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Having won a few high stake competitions in my company and elsewhere, I was planning to do an article on how I created most of those 10-15 mins pitches, with a ‘believable’ story telling to convey my ideas.

But before I could pen my thoughts, Scott Dadich, Editor in Chief of Wired, articulated it better than what I could have. He wrote in his editorial of Jun 2015, how he chose the cover story on Artificial Intelligence from a number of other pitches.

To rephrase what he said in 7 points regarding selling of an incredible idea in a time when ideas are plenty and execution debatable.

  1. Firstly, imagine you are writing a one page pitch, under 500 words, for your cover story to an editor in chief. You are selling your story and he has that tough task of selecting the best one among a deluge of good material from people like you. Now, how would you go about it?
  2. Establish quickly why you are a Subject Matter Expert and why you know your story well inside out.
  3. What is unique in the story as compared to similar ones read or heard earlier – USP!
  4. Is this the future? Case in point where we are seeing some adoption points.
  5. Like a short story – A conflict between the current popular narrative and thought process and the story in hand – This is where the idea has to be elaborated and told how it works out.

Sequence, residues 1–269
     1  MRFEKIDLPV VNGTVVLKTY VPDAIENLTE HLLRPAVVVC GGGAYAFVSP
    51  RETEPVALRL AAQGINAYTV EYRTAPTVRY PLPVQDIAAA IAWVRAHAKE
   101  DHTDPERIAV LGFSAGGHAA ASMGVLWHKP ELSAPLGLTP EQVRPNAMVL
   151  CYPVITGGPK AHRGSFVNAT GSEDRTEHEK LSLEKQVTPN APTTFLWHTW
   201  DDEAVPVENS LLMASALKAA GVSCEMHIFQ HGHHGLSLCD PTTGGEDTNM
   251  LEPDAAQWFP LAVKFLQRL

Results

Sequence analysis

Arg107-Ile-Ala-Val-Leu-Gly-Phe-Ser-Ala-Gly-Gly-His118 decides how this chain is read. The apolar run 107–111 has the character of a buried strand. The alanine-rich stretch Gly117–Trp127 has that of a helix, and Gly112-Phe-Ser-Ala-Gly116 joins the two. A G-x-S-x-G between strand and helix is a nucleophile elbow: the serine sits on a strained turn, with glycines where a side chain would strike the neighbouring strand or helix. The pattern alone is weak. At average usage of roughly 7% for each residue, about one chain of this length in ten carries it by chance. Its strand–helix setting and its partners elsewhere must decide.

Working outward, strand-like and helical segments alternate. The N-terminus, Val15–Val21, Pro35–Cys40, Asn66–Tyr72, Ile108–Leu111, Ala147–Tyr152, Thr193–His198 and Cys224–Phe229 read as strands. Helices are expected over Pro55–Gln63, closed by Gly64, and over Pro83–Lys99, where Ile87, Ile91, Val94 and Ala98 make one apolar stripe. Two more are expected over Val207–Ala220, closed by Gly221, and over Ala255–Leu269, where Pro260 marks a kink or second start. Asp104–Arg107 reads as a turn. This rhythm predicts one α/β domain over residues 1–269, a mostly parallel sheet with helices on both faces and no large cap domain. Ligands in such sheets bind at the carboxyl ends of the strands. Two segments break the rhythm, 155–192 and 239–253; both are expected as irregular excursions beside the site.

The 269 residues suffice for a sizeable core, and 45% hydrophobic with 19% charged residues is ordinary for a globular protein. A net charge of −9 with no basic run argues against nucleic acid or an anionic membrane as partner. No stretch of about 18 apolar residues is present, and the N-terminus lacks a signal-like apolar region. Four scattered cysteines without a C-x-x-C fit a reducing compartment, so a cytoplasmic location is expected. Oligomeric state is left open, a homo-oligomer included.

6. If this clicks, what is the impact that we are looking at.
  7. Applies only if you are selling your idea to someone else for a spot in the final story telling – How will you present it and what more could be in store – time and condition permits?

Now the above points have been made extremely (field) agnostic, from a technology parlance, so that it can be applied to a cover story you are writing, a technology business pitch you are selling to an audience judging you (something like shark tank 😉 ) or you are part of the deal team selling a multi year outsourcing project to a company with many competitors in the bidding process.

Ultimately, in my opinion, story telling is vital to every single individual irrespective of the field of practice we are in.

Would love to hear whether this helps you out to make your next brilliant pitch!

 

~ Trilok R. ~

 

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